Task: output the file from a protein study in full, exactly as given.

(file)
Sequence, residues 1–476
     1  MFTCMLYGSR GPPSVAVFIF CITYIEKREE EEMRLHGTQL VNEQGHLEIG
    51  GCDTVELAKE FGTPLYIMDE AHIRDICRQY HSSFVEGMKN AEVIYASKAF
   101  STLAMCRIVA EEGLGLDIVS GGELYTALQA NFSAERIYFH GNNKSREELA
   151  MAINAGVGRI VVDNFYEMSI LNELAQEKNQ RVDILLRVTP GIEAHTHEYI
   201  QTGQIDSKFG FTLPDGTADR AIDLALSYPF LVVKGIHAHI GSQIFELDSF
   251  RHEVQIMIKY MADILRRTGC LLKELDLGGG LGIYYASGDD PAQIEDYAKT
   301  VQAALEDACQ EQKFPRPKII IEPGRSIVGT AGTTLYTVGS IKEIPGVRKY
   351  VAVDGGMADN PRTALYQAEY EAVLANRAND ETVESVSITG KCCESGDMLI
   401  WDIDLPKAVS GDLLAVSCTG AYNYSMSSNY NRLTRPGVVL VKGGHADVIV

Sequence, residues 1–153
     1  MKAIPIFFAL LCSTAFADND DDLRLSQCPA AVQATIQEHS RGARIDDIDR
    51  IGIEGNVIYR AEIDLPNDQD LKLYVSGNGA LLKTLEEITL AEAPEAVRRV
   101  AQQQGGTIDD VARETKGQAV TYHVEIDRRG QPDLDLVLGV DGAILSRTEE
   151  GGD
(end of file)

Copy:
Sequence, residues 1–476
     1  MFTCMLYGSR GPPSVAVFIF CITYIEKREE EEMRLHGTQL VNEQGHLEIG
    51  GCDTVELAKE FGTPLYIMDE AHIRDICRQY HSSFVEGMKN AEVIYASKAF
   101  STLAMCRIVA EEGLGLDIVS GGELYTALQA NFSAERIYFH GNNKSREELA
   151  MAINAGVGRI VVDNFYEMSI LNELAQEKNQ RVDILLRVTP GIEAHTHEYI
   201  QTGQIDSKFG FTLPDGTADR AIDLALSYPF LVVKGIHAHI GSQIFELDSF
   251  RHEVQIMIKY MADILRRTGC LLKELDLGGG LGIYYASGDD PAQIEDYAKT
   301  VQAALEDACQ EQKFPRPKII IEPGRSIVGT AGTTLYTVGS IKEIPGVRKY
   351  VAVDGGMADN PRTALYQAEY EAVLANRAND ETVESVSITG KCCESGDMLI
   401  WDIDLPKAVS GDLLAVSCTG AYNYSMSSNY NRLTRPGVVL VKGGHADVIV

Sequence, residues 1–153
     1  MKAIPIFFAL LCSTAFADND DDLRLSQCPA AVQATIQEHS RGARIDDIDR
    51  IGIEGNVIYR AEIDLPNDQD LKLYVSGNGA LLKTLEEITL AEAPEAVRRV
   101  AQQQGGTIDD VARETKGQAV TYHVEIDRRG QPDLDLVLGV DGAILSRTEE
   151  GGD